Except His Face: The Political and Aesthetic Dimensions of Ibn Arabi’s Legacy (PDF)

Situating Islamic ‘Mysticism’ (PDF)

“Ibn Arabi and His Interpreters”, JAOS article 1986 (PDF) | Part 1 | Part 2 | Part 3 | Part 1 (HTML)

Ibn Arabi and His Interpreters — Grouping II:
Influences in the Pre-Modern Islamic World (all the following 7 articles in one PDF)

Theophany or “Pantheism” – The Importance of Balyani’s Risalat al-Ahadiya

The Continuing Relevance of Qaysari’s Thought: Divine Imagination and the Foundation of Natural Spirituality

Review: La destinée de l’homme selon Avicenne: Le retour à Dieu (maad) et l’imagination by Jean Michot

Review: Kitab al-inbah ‘ala Tariq Allah de ‘Abdallah Badr al-Habashi

Review: La Risala de Safi al-Din ibn Abi l-Mansur ibn Zafir

Review: Manjhan, Madhumalati: An Indian Sufi Romance

Review: Mirror of the Intellect: Essays on Traditional Science and Sacred Art

Ibn Arabi and His Interpreters — Grouping III:
Later Muslim Critics and Polemics (all the following 4 articles in one PDF)

An Arab “Machiavelli”? – Rhetoric, Philosophy and Politics in Ibn Khaldun’s Critique of “Sufism”

Review: Islamic Mysticism Contested: Thirteen Centuries of Controversies and Polemics

Review: Ibn Arabi and the Later Islamic Tradition: The Making of a Polemical Image in Medieval Islam

Review: Theodicy in Islamic Thought: The Dispute over al-Ghazali’s “Best of All Possible Worlds”

Ibn Arabi and His Interpreters — Grouping IV:
Reviews of More Recent Works by and about Ibn Arabi (1985–2002)

Ibn Masarra: A Reconsideration of the Primary Sources (PDF)

 

Podcasts and Videos by James W. Morris

Inspiration and Discernment: Ibn Arabi’s Introduction to the Challenges of Spiritual Sensitivity and Judgement

Becoming Real: Realization and Revelation in Rumi and Ibn Arabi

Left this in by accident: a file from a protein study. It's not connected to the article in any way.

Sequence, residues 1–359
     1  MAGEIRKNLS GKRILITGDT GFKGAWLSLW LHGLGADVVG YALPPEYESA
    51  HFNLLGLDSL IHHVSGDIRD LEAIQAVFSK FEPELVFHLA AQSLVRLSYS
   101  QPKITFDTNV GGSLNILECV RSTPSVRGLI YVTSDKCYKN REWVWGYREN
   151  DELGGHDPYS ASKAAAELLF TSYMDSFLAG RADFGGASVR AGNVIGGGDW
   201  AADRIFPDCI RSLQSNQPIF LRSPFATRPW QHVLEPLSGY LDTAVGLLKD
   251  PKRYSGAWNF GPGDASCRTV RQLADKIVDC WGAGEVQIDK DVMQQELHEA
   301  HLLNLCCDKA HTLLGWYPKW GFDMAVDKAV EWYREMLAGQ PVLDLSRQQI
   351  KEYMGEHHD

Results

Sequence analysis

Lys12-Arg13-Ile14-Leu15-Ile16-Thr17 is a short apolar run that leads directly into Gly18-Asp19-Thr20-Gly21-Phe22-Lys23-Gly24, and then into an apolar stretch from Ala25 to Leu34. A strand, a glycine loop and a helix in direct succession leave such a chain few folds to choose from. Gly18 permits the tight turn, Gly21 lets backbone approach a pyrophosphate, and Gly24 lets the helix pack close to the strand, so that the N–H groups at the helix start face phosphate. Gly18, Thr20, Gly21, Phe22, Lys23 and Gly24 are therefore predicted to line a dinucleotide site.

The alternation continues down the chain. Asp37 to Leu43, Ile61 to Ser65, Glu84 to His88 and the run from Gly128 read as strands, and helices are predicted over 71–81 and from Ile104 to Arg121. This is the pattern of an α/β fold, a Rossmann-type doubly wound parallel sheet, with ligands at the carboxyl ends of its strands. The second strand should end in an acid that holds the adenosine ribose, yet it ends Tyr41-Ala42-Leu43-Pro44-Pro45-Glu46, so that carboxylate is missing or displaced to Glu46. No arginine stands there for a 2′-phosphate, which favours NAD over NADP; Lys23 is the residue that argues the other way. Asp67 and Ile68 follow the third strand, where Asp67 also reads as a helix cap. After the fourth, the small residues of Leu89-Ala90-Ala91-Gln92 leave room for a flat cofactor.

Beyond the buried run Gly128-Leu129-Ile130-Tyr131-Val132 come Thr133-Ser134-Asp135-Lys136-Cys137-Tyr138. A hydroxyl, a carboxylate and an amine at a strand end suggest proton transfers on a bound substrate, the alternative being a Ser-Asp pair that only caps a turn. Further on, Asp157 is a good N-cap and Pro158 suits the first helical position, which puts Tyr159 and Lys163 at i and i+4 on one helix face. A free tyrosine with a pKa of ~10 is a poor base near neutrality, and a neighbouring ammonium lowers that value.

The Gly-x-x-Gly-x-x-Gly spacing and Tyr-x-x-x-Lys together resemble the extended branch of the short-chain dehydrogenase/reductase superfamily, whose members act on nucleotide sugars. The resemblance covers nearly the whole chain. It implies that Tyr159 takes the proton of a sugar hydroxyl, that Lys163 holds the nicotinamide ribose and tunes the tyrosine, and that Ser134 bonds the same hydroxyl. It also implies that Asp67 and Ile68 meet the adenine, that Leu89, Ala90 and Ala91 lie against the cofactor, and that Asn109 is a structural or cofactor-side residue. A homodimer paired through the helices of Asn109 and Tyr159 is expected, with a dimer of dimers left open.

The “Instruments of Divine Mercy”

“Whoever knows himself...” in the Futuhat

There are links at the bottom of the page to the articles in this collection, which fall into four major groupings.

The first grouping is called “Overviews”. This contains three papers, each available as separate downloads.

Each of the other three groupings is contained in its own PDF file because of the number of smaller pieces in them. So there are three files collecting the articles in the groupings on “Influences in the pre-modern Islamic World”, “Later Muslim Critics and Polemics” and “Reviews of More Recent Works by and about Ibn Arabi”.

© James W. Morris. The files included in this PDFs are all unrevised, pre-publication versions of the revised and corrected articles and reviews cited in this Introduction. If citing or distributing these materials in any format, please include full reference to the actual corrected publications.

See also Ibn ‘Arabi: Spiritual Practice and Other Translations.

 

Since our first book on the philosophy of Mulla Sadra [1], whose metaphysics already recapitulates several centuries of the diverse influences of Ibn ‘Arabî in the Eastern Islamic world, many of our studies have been devoted to exploring and articulating the extraordinary influences of Ibn ‘Arabî’s works both in the past and throughout the contemporary world [2]. Our lengthy study of Ibn Arabî and His Interpreters (JAOS, 1986-87) attempted to survey the broad historical outlines of the multi-faceted influences of Ibn ‘Arabî’s writings and teachings both in the pre-modern Islamic world, but also in terms of the rapidly growing and increasingly diverse interests of contemporary Western translators and interpreters.

Since that initial overview (written in 1985), we have continued to provide in a number of writings-synthetic studies, more focused original research, and a host of reviews of relevant publications-a broader perspective on the range and significance of the phenomenal ‘explosion’ of translations, studies and introductions to Ibn ‘Arabî’s writings that has since taken place, at an accelerating pace, over the past two decades. Above all, two major new historical developments have become clear in that intervening period. First, that the range of interests and uses of Ibn ‘Arabî’s writings in Western languages and cultures mirrors very closely the immense spectrum we had already found and experienced, in the centuries since his death, throughout the Islamic world. And secondly, that the intensity and depth of cross-cultural interactions, and the common spiritual and practical challenges and circumstances engaging human beings on a global scale, have converged to such a radical extent that by now it would be false and entirely misleading to continue to speak seriously of distinct ‘Islamic’ and ‘Western’ spheres and processes of influence, interest and creative adaptation.